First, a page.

The American Revolution came to an end with the Treaty of Paris of September 3, 1783. Thirteen former colonies were now independent states, an experiment in self-government encompassing a relative sliver along the eastern shore of a nation one day destined to measure some 2,680 miles across and 1,582 miles from north, to south.
By no means was it foreordained that the United States, would have a Pacific coastline.
In the 18th century, factions developed between established coastal cities and farms and the western pioneers eking out a living, along the frontier. Many so-called eastern “elites” considered these to be outside of the fledgling nation and, for them, that was alright. Frontier communities had a choice between forming jurisdictions within existing states, creating new states or going off on their own to build entirely new countries.
Most of us are well aware that Texas was once such an independent Republic. Many know the same of the Republic of West Florida, the Original Lone Star Republic. (Sorry, Texas). But who knew the modern US contains no fewer than Ten formerly independent states: The Republic of Vermont (1777-1791), Kingdom of Hawaii (1795-1898), Republic of West Florida (1810), Republic of Texas (1836-1846), Republic of Rio Grande (1840), Provisional Government of Oregon (1843-1849), Republic of California (1846), State of Deseret (1849-1850), Republic of Sonora (1853-1854) and the Republic of Baja California (1853-1854).
The war had yet to be formally ended when the state of North Carolina ceded the four western counties between the Alleghenies, and the Mississippi River. Representatives from Washington, Sullivan, Spencer (modern-day Hawkins) and Greene counties declared independence from North Carolina on August 23, 1784.
Congress had yet to act on the matter and North Carolina rescinded its cession nearly a year later and began to organize an administration, within the counties. That the federal government was considering selling the region to France or Spain at this time to settle war debt had nothing to do with any of it, I’m sure.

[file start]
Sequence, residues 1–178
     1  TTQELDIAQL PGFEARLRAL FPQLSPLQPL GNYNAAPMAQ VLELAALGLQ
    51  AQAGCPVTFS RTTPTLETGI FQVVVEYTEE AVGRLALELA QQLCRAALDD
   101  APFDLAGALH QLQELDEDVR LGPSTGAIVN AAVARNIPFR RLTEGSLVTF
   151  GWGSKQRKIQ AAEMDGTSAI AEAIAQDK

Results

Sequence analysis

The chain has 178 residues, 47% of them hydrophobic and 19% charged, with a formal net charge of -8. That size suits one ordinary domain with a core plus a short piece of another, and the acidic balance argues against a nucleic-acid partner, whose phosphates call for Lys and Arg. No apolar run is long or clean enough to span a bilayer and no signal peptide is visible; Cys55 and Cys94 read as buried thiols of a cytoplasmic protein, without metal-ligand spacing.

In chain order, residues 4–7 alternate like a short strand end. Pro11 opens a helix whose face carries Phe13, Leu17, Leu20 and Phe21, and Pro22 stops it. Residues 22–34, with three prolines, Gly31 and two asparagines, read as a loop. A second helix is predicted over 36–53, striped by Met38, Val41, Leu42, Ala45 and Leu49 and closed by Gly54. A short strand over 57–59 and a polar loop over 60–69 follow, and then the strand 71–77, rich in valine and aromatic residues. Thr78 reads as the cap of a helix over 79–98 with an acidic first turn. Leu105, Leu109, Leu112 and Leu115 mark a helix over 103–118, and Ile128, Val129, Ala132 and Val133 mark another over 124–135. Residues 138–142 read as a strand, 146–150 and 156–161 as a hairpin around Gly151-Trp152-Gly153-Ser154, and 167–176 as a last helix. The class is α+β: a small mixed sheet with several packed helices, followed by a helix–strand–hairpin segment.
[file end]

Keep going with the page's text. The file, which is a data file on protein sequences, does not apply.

The following May, the counties petitioned for statehood. They called it “Frankland” at first but that was changed to Franklin, to gain the support of Benjamin Franklin and his allies.
The Republic won over a majority of the congress but never did achieve the 2/3rds required to make statehood, a reality.
The Free Republic of Franklin went on for four years despite them all with it’s own Indian treaties, its own constitution and its own system of barter, taking the place of currency.
North Carolina ran a parallel government the whole time, within the state of Franklin. This did little to strengthen an already weak economy when Governor John Sevier petitioned the Spanish, for foreign aid. Horrified at the idea of a Spanish client state at its border North Carolina, arrested the Governor.
Cherokee, Chickamauga and Chickasaw war bands piled on attacking settlements, within the borders of Franklin. It was all over by 1788 as Franklin rejoined North Carolina to gain the protection, of the state militia.
Today, the formerly Free Republic of Franklin makes up the easternmost 12 counties of Tennessee admitted as the 16th state on June 1, 1796.
Of the ten independent Republics listed above plus four others who tried and failed, Franklin remains unique in that the state resulted from both a cession, and secession.
Tennessee went on to earn the nickname “The Volunteer State” during the War of 1812 and cement the label during the Mexican-American war when the secretary of War requested 2,800 volunteers and got, 30,000. Tennessee was the last of the southern states to secede from the union and the first to rejoin, having provided more Confederate soldiers of any state save Virginia and more units of soldiers for the Union army, than any of the Confederate states.
Fun Fact: William Strickland, the engineer and architect who built the Tennessee State Capitol in Nashville, died in 1854 before the building’s completion. At Strickland’s request he was entombed within the walls of the structure and remains there, still.
George Washington, the only politically Independent President in our nation’s history warned against factions dividing Americans into “distinct peoples”. He had seen how parties had driven England to civil war with the Jacobite uprising, of 1745-’46. He well understood the murderous tendencies unleashed by the politics, of the French Revolution. He detested the endless sniping of factions within his own government and the “infamous scribblers” of the newspapers, of his day.
Washington warned us all against political parties in his farewell address, parties already well formed and tearing, at the nation’s fabric:
“…They serve to organize faction, to give it an artificial and extraordinary force; to put, in the place of the delegated will of the nation the will of a party, often a small but artful and enterprising minority of the community; and, according to the alternate triumphs of different parties, to make the public administration the mirror of the ill-concerted and incongruous projects of faction…”George Washington, farewell address
I wonder what the Father of the Country would say about our politics, today.